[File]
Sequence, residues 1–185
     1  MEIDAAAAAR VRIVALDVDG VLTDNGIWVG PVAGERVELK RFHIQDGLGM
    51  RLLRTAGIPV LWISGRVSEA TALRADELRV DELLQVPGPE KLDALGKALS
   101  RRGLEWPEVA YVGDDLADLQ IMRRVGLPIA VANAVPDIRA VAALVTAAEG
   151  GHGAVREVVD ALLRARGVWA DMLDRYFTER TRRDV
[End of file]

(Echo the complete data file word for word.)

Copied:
Sequence, residues 1–185
     1  MEIDAAAAAR VRIVALDVDG VLTDNGIWVG PVAGERVELK RFHIQDGLGM
    51  RLLRTAGIPV LWISGRVSEA TALRADELRV DELLQVPGPE KLDALGKALS
   101  RRGLEWPEVA YVGDDLADLQ IMRRVGLPIA VANAVPDIRA VAALVTAAEG
   151  GHGAVREVVD ALLRARGVWA DMLDRYFTER TRRDV